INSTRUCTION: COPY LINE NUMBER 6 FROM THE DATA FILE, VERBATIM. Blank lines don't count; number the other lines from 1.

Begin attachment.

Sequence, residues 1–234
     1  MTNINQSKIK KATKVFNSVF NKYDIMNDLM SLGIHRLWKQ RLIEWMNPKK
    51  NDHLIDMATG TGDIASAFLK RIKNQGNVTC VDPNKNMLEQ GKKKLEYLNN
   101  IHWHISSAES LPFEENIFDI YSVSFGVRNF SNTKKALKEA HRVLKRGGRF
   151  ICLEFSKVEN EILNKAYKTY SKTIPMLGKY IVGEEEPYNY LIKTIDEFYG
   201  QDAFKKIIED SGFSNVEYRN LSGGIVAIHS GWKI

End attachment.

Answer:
   201  QDAFKKIIED SGFSNVEYRN LSGGIVAIHS GWKI